Improving high voltage power system performance using arc suppression coils

Burgess, Robert Thomas (2011) Improving high voltage power system performance using arc suppression coils. [Thesis (PhD/Research)] (Unpublished)

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Abstract

Arc suppression coils provide a low cost method of increasing both the reliability and safety of high voltage transmission and distribution systems. Although the concept is not new, the advent of modern control equipment allows fresh opportunities for them to be used to save lives and to decrease the cost and inconvenience to industry and the community in general that is caused by electricity supply interruptions without incurring large expenditure. Earth fault currents are reduced to almost zero, thus eliminating many short time power supply interruptions and preventing damage to the electricity supply system at the time of the initial fault. Because of the reduction in damage at the time of the fault, many longer duration interruptions are avoided. It is common for live high voltage conductors to be close to the ground and for the fault not to be detected by conventional power system protection equipment. Arc suppression coil systems can detect high impedance earth faults and broken conductors which cannot be detected by conventional protection systems. There are many system abnormalities which can cause neutral voltages in arc suppression coil systems. The appropriate action to be taken by the protection system depends on the type of system abnormality. The causes of neutral voltages in arc suppression coil systems are analysed and criteria are developed to differentiate between them based on the phase angle and magnitude of the neutral voltage. Fully computerised power system protection systems are now being implemented. These modern protection systems will be able to utilise the criteria developed in this research to take immediate appropriate action based on the neutral voltage caused by the system abnormality. In existing distribution systems there is a widespread use of two single phase pole mounted auto-transformers connected in open-delta configuration to provide economic in-line three phase voltage regulation. An original method of representing open delta regulators in symmetrical component analyses is developed. It is shown that when open-delta regulators are used in a power system equipped with an arc suppression coil very high voltages can occur. A solution is proposed whereby three single phase pole mounted auto-transformers connected in a closed-delta arrangement are used. One of the potential problems with these systems is cross country faults caused by the neutral voltage displacement combined with the transient voltages at the time of the initial earth fault. These transient over-voltages are analysed in detail and a method of testing the capability of existing system components to withstand the over-voltages is developed. Simple methods to estimate the transient voltages on overhead power systems are derived. A new method of minimising the transient over-voltages is proposed.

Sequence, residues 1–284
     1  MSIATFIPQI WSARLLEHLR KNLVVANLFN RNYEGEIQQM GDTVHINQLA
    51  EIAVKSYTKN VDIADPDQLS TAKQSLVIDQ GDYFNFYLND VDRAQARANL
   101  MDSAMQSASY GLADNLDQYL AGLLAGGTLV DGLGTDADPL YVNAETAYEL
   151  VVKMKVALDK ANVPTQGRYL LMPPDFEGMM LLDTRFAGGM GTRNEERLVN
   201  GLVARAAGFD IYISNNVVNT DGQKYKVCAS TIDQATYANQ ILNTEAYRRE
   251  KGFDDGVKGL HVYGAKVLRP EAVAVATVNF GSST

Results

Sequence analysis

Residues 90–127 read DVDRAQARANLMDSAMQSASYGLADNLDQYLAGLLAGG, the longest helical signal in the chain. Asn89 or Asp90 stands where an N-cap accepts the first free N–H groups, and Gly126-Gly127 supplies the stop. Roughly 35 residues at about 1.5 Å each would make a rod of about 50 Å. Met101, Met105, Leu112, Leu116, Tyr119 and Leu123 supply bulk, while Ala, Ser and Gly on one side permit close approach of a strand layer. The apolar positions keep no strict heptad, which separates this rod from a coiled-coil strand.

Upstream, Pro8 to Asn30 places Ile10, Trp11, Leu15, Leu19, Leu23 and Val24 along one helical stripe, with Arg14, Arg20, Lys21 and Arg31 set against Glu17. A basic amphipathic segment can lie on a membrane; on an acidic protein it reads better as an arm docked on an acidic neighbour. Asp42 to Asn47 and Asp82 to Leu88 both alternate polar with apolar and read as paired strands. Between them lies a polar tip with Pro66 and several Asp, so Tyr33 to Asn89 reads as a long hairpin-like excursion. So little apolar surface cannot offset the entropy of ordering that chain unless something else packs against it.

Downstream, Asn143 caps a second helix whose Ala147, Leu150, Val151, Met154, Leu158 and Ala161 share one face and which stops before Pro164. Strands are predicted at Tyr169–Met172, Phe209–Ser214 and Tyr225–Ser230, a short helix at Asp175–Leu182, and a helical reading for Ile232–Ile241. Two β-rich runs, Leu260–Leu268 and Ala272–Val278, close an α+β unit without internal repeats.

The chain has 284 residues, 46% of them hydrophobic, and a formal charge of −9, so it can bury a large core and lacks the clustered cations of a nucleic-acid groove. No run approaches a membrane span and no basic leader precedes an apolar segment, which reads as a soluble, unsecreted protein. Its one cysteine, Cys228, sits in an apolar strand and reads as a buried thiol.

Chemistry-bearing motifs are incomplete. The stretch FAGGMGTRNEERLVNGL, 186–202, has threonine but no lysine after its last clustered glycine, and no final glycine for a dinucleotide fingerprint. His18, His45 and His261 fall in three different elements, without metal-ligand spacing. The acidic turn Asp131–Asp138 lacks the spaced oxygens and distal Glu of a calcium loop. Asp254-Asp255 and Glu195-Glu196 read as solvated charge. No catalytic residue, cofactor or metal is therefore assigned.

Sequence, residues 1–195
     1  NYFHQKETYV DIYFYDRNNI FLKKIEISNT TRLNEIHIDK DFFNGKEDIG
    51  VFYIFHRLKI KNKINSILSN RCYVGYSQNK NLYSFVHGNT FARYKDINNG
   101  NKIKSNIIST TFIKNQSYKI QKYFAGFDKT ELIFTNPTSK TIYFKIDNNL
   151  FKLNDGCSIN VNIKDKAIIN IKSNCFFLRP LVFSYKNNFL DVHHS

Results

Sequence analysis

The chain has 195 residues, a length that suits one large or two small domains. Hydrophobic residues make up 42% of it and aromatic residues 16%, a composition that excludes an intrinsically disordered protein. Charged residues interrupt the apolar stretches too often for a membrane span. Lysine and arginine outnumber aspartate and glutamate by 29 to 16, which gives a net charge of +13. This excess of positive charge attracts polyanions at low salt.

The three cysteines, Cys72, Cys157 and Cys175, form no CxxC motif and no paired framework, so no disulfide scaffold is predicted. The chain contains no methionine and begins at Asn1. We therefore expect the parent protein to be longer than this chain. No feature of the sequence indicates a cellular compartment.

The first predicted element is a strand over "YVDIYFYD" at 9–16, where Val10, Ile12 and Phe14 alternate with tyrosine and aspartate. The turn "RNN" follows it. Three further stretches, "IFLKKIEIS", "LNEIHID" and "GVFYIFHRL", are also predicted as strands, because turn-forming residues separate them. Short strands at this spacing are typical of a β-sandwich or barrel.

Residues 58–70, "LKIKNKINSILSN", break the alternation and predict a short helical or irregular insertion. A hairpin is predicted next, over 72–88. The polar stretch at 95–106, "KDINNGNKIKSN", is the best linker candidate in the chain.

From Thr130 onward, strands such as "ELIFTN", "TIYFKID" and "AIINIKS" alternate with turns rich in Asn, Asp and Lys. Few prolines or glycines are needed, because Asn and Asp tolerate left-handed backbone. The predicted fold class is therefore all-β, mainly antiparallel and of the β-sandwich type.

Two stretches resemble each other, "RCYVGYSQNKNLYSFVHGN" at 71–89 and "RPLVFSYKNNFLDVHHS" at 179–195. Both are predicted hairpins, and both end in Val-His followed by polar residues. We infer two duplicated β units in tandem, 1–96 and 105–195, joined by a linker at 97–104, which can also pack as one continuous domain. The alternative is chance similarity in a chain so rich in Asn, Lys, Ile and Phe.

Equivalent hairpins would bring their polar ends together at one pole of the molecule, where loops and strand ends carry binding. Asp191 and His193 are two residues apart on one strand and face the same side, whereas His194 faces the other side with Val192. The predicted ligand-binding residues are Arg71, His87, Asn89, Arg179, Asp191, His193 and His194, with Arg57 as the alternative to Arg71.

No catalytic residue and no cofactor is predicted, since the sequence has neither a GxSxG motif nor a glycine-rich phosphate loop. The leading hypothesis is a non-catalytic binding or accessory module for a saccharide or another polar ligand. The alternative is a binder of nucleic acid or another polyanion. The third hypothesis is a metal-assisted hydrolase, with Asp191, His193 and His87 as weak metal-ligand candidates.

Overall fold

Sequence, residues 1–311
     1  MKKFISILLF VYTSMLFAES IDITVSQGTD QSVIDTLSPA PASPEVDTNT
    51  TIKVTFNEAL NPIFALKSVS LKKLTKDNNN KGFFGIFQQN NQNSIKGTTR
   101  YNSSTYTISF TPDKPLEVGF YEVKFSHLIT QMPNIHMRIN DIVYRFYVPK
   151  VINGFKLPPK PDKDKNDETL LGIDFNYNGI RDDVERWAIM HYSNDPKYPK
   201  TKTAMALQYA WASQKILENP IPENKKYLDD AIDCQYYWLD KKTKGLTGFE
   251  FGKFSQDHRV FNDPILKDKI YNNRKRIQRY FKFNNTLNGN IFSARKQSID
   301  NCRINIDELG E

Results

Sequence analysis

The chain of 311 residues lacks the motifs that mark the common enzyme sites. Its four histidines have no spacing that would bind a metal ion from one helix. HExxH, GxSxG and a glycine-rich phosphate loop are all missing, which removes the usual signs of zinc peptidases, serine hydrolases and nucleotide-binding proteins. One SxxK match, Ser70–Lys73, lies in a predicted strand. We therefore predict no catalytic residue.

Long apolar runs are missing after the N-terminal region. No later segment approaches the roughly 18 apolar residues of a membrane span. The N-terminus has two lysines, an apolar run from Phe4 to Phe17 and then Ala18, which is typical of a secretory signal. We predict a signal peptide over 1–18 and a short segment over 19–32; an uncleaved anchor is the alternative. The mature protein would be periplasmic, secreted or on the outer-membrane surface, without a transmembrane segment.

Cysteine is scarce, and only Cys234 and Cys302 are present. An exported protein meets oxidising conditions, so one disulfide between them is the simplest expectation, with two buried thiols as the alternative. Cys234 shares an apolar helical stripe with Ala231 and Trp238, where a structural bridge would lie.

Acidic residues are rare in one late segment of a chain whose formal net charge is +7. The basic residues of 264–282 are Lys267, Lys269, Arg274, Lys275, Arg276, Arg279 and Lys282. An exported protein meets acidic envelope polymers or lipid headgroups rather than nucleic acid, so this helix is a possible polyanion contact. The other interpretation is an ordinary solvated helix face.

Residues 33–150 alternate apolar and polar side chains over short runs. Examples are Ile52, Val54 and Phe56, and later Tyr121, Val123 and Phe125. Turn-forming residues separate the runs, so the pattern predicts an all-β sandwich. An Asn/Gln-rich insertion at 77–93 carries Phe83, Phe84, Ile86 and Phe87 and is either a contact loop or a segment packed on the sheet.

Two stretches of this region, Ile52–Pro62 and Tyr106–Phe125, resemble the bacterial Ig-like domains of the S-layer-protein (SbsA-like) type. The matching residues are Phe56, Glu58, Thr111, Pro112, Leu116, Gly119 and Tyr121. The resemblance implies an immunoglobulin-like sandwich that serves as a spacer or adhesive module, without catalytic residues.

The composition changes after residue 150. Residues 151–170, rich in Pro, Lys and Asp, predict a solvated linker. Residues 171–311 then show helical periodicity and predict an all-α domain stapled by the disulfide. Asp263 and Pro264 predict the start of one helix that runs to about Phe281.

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Item Type: Thesis (PhD/Research)
Item Status: Live Archive
Additional Information: Doctor of Philosophy (PhD) thesis.
Depositing User: ePrints Administrator
Faculty / Department / School: Historic - Faculty of Engineering and Surveying - Department of Electrical, Electronic and Computer Engineering
Date Deposited: 13 Jul 2012 05:32
Last Modified: 03 Jul 2013 01:15
Uncontrolled Keywords: arc suppression coils; high voltage power sytems
Fields of Research (FOR2008): 09 Engineering > 0913 Mechanical Engineering > 091305 Energy Generation, Conversion and Storage Engineering
09 Engineering > 0906 Electrical and Electronic Engineering > 090608 Renewable Power and Energy Systems Engineering (excl. Solar Cells)
URI: http://eprints.usq.edu.au/id/eprint/21537

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